The art by Sarah Stone and Jason Johnson is awesome. I’ve liked Stone’s style for a while and it continues here with a look that I can only describe as “Western manga influenced.” If you like the series cover, the interior is just as good, this isn’t a bait and switch that can happen too often. The only knock I’ll say is that some of the panels are dark and with the coloring, it’s hard to tell exactly what’s going on, but that adds to the atmosphere of the chaos going on. So maybe it was done on purpose?

Can a comic get me to check out a television show? It looks like it because I want to now see what Con Man is all about. This comic was fun and entertaining and I’m definitely coming back for more.

Story: PJ Haarsma, Alan Tudyk Art: Jason Johnson, Sarah Stone
Story: 8.1 Art: 8.3 Overall: 8.1 Recommendation: Buy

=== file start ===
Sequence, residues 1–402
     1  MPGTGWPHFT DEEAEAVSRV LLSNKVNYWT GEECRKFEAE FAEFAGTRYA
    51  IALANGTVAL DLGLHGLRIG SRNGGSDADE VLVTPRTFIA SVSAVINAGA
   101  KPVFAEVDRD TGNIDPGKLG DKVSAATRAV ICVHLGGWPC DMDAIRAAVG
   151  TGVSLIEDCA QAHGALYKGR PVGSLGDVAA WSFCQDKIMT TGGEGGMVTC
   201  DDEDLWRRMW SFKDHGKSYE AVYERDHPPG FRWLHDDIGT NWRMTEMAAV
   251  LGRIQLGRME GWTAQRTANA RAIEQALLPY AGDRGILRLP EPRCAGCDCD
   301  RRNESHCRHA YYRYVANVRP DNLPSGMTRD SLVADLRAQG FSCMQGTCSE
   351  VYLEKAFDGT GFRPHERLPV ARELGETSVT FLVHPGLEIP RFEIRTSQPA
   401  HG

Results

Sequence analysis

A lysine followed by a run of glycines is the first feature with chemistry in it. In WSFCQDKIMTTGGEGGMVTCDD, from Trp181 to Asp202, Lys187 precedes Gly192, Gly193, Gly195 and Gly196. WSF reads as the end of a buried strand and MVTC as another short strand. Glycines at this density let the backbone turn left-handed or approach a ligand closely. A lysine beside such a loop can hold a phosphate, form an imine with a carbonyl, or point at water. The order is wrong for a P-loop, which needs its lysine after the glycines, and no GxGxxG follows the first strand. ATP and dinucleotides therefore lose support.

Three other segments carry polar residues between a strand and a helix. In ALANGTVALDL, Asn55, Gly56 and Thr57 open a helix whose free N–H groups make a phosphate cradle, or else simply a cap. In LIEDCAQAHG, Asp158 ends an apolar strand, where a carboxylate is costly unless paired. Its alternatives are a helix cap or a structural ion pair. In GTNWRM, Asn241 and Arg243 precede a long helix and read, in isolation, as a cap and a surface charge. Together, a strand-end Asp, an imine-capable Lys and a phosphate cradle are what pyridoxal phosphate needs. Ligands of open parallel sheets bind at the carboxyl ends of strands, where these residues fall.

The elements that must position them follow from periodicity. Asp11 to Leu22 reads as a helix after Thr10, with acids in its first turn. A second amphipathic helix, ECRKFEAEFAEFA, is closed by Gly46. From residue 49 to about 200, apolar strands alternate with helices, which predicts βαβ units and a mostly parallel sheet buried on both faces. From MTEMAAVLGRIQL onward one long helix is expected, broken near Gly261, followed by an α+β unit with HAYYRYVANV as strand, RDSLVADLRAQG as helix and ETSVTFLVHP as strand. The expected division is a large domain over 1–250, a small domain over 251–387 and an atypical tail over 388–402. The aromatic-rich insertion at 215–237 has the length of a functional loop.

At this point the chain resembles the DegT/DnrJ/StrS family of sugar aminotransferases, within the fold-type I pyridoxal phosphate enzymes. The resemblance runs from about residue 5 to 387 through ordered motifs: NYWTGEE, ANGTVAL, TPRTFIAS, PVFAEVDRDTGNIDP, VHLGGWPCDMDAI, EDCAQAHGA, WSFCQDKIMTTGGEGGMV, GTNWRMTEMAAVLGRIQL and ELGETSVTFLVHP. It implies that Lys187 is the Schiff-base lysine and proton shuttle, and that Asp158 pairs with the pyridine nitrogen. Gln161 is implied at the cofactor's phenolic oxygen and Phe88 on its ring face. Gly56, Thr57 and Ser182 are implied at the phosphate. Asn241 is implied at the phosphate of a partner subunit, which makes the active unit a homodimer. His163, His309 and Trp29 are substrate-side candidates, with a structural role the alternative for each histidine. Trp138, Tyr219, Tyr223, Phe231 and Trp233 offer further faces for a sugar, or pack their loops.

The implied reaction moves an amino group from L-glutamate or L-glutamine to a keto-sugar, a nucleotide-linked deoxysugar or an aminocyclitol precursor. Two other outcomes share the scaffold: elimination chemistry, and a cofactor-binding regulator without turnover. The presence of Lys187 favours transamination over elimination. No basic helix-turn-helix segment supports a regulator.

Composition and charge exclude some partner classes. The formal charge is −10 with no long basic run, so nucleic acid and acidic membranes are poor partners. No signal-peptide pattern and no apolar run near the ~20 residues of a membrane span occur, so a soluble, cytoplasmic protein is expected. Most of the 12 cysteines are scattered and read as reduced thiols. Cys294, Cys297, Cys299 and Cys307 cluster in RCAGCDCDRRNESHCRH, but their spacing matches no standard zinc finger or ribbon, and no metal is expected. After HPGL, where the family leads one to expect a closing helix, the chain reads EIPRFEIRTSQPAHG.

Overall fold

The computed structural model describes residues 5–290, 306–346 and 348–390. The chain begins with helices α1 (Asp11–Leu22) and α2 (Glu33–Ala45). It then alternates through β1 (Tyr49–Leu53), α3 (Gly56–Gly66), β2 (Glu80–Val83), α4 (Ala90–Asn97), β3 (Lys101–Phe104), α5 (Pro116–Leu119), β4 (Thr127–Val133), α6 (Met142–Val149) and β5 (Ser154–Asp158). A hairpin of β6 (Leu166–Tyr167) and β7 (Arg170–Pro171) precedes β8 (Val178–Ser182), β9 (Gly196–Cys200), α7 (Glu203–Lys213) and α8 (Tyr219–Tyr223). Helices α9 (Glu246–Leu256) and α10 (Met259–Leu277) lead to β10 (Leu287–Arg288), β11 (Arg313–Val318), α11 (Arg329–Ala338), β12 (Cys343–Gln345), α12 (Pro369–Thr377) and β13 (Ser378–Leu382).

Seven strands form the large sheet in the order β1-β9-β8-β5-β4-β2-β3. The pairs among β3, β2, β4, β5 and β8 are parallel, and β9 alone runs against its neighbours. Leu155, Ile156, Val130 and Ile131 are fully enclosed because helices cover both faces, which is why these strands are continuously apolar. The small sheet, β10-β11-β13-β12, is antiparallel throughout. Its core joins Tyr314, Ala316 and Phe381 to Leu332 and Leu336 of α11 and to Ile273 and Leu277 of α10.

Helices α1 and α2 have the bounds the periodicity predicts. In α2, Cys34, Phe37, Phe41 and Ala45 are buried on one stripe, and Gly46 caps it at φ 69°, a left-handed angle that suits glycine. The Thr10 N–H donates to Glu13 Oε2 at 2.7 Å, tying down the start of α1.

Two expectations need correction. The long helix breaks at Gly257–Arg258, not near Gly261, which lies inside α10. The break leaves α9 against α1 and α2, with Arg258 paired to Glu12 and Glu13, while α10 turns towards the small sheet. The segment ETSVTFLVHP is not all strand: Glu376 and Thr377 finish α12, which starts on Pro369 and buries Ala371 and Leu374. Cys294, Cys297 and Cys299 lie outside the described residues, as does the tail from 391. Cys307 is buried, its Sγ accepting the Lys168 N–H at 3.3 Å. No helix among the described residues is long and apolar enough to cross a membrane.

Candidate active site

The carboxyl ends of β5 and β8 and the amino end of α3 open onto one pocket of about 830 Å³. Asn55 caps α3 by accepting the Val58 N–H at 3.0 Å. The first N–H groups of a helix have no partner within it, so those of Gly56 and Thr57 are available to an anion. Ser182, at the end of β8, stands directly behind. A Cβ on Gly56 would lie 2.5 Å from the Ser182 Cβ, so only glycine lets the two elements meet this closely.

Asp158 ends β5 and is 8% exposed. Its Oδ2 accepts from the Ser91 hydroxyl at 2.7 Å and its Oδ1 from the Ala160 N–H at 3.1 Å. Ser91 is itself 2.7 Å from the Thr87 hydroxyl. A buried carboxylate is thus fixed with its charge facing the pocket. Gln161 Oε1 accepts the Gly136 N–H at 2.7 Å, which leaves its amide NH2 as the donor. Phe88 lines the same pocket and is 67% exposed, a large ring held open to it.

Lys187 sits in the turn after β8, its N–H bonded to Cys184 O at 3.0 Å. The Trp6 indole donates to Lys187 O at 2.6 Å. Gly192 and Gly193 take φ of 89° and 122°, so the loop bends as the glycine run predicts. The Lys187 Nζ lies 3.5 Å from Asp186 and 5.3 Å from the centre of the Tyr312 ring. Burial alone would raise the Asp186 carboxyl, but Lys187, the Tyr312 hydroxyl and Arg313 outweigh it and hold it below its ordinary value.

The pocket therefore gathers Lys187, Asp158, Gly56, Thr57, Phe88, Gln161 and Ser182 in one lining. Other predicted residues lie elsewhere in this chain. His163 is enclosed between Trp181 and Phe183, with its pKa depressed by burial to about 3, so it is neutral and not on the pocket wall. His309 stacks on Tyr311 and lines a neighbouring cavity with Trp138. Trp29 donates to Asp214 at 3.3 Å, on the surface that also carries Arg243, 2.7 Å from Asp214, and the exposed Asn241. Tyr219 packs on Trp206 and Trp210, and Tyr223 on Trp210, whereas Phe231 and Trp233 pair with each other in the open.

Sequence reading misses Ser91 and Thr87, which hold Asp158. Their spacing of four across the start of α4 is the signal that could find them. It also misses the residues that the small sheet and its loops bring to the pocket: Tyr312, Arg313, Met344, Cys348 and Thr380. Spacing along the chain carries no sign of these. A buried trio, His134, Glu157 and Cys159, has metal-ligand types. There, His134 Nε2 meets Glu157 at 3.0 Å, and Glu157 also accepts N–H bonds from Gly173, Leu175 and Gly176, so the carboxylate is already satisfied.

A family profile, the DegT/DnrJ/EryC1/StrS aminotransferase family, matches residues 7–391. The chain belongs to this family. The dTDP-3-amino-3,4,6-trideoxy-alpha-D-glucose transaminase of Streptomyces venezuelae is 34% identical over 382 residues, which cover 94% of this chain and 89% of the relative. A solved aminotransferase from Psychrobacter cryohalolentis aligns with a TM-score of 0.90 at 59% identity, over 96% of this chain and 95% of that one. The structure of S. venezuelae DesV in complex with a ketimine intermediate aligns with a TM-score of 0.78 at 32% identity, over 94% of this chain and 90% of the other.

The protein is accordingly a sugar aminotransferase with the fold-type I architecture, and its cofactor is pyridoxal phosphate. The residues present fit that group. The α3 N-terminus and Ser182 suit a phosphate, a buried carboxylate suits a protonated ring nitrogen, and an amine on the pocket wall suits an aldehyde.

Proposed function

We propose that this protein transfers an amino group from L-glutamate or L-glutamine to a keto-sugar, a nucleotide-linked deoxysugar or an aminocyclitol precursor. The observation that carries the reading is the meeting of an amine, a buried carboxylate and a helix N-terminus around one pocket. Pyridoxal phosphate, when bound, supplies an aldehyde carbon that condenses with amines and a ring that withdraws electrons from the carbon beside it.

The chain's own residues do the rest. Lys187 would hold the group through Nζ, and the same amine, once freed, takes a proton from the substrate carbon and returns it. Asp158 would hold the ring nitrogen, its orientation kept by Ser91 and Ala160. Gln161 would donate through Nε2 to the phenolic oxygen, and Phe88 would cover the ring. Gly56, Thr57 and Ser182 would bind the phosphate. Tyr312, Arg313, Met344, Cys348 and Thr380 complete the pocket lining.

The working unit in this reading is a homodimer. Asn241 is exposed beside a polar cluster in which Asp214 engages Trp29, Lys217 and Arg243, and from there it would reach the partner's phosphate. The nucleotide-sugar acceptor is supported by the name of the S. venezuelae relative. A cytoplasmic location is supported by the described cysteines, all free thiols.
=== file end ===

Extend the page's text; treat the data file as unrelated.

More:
Preview: Spectrum #0


by PJ Haarsma & Alan Tudyk, illo. by Sarah Stone
Pages: 32
Format: Comic Book
Publisher: Automatic Publishing
Distributor: Diamond Comic Distributors
Issue #0
Pub Date: May 7, 2016
Item Code: JAN160018

Alan Tudyk and Nathan Fillion present Spectrum, a page-turning sci-fi adventure from the record-breaking web series, Con Man!

After a vicious attack from an alien invading force devastates the globe, the survivors converge on the last military base on Earth. Ambushed and outgunned, pilot Cash Wayne and Captain James Raaker have to figure out how to escape in the Spectrum, a spaceship no one has ever flown! And escape is just the start of the trouble, at least according to Raaker’s prophetic dreams. His ship of beleaguered refugees might be the last hope for a mysterious presence known as The Scion who’s fighting a war that Earth has already lost.


Alan Tudyk and Nathan Fillion Launch Spectrum Comic Book